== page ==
I’m going to talk about an old Buddhist teaching and see if I can tie to our everyday life and find meaning in it for us. This is the teaching of the four gates. It’s from Zen Master Bodhidharma. He listed these four things that he thought were important to us as we start on the Buddhist path. I’m going to go through these one by one.
- Retribution of Enmity; in our lives we need to realize when we’re wrong. We need to admit our flaws and not lie to ourselves all the time, because we do lie to ourselves all the time. We’re often when think about ourselves either lifting ourselves up and pretending we’re better than we are or tearing ourselves down and thinking very lowly of ourselves. We rarely see ourselves clearly. When we do something wrong we need to admit it and we need to try to make it better. We need to try to be better. I’m trying to learn how to stop saying I’m sorry and instead say “I will do better.” Because when you say, “I’m sorry,” you’re sort of putting an expectation on the other person to say it’s okay. We should try to forgive people, but also we should focus on trying to be better rather than trying to get forgiveness so that we don’t have to apologize again.
- Acceptance of Circumstances; equanimity. Our ability to weather the storms of life. To be moderately content with whatever is happening. Sometimes we really let life tear us down, over big things and small things. We’re talking about accepting things and having an even mind, not falling apart when things go wrong. Sometimes one bad thing goes wrong and it ruins everything for us. In Buddhism we often call that equanimity. Sometimes we call it patience too. We’re talking about keeping an even mind with whatever is happening because the truth is life is going to kick us all the time and we need to learn how to accept things.
- Absence of Craving; we shouldn’t be giving in to all our temptations all the time. Be mindful of what we’re doing and know when something is not a good idea. I have a habit of giving in to my temptations all the time and that’s something a lot of people struggle with. There’s all sorts of temptations. We might eat all our kids Halloween candy. Or drink too much (alcohol or soda) there’s so many ways we can overconsume and give in to craving. Sometimes we feel like there’s a hole in us that we need to fill. We crave all sorts of things and we pursue them too much. We even think about sex too much. That’s a craving too. We have all sorts of cravings and Bodhidharma is telling us we need to learn how to manage that and not get carried away with our cravings. We’ve all had the experience where we know we shouldn’t indulge something, but we really want to so we do it anyway. I think we can all relate to that. Bodhidharma is telling us we need to reign that in. We need to make the best choices we can instead of giving in to our temptations all the time. Think about what you’re doing and don’t over-do it.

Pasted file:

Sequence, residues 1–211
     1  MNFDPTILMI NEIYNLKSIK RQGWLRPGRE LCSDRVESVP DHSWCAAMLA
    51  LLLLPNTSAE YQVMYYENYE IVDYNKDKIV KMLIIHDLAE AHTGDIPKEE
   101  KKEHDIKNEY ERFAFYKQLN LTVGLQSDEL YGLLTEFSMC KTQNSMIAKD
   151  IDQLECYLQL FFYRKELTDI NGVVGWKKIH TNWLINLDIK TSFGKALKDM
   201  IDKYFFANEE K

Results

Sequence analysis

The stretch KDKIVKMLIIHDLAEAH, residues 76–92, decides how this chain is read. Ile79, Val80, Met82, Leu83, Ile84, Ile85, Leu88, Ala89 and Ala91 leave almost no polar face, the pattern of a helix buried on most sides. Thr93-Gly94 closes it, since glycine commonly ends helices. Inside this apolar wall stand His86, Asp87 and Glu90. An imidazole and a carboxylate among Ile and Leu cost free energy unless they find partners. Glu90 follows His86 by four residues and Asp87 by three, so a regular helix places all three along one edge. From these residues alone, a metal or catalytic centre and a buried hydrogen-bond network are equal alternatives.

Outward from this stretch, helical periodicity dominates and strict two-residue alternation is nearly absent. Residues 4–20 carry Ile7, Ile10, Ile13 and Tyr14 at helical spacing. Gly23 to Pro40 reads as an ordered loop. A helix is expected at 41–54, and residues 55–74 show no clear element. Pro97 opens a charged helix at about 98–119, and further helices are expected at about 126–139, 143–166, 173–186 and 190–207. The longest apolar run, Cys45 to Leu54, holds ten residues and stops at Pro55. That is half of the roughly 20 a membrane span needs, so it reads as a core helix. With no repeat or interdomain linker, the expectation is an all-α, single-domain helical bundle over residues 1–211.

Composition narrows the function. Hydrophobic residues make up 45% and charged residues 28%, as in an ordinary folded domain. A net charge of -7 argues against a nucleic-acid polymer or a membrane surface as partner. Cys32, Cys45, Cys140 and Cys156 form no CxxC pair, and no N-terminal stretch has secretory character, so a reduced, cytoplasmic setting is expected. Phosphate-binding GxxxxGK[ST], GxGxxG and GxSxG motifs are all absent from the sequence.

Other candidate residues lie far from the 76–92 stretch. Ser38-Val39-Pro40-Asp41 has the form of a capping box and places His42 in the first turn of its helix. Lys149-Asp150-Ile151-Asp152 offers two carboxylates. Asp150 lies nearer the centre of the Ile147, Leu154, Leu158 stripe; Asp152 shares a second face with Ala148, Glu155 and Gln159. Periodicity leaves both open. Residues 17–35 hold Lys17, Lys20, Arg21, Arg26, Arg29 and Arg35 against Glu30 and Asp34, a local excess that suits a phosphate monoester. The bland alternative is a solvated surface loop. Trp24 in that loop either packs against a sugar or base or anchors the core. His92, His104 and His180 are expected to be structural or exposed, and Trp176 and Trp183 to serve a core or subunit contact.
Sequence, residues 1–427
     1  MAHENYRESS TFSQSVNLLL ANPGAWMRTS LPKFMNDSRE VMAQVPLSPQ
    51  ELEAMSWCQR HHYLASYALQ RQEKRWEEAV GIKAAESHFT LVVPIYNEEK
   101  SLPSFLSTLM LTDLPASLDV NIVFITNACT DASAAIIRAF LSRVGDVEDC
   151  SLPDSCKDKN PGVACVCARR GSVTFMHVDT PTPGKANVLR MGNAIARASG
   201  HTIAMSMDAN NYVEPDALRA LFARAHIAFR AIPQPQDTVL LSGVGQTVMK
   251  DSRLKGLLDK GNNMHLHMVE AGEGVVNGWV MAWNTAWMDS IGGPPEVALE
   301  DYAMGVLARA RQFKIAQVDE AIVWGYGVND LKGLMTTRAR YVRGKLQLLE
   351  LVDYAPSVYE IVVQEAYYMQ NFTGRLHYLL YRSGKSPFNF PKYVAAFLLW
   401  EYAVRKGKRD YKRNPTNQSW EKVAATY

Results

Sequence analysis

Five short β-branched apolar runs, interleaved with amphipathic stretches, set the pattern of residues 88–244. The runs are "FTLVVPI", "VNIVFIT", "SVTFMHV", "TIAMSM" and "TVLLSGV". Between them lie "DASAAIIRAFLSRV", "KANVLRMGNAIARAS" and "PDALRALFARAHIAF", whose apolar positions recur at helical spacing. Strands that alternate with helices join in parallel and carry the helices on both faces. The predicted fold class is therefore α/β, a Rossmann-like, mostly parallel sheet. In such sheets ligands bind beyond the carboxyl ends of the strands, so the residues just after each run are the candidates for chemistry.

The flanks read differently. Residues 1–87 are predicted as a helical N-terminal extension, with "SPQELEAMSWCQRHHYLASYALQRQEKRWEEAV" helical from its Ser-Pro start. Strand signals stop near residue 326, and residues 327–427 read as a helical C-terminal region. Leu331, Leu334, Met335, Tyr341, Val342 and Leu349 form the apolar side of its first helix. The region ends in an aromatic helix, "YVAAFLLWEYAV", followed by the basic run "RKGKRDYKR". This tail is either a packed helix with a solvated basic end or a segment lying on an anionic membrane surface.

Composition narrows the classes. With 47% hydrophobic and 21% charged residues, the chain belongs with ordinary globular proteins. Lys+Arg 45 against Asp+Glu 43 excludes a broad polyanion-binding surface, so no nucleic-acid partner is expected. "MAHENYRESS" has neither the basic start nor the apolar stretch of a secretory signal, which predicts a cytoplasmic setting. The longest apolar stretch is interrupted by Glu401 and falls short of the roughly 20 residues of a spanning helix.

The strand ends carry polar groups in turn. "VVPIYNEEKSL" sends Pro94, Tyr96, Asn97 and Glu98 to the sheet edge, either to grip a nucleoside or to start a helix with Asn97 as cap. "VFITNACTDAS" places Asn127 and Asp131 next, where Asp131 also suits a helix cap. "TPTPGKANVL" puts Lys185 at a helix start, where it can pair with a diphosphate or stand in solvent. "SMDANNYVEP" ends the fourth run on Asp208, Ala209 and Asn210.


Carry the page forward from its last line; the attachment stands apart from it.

- Act in Accordance with the Dharma; to us this line might not resonate very well. So, with all respect to Bodhidharma I want to paraphrase that and say “act to be real” when he talks about being in accordance he’s talking about living our best life and seeing the way the world is and learning about our place in it. Being more aware, attentive, mindful and honest with ourselves. The Dharma is sort of the correct way of reality, of letting life unfold as it should. We should be real, fully real. In a world full of people that are lying to themselves and lying to others and not being authentic, we should be real and genuine in all our relationships and in all our situations. I like to say that is the core of what Buddhism is all about. It’s about being real because it’s very easy to not be real. It’s easy to be fake. So let’s be real.
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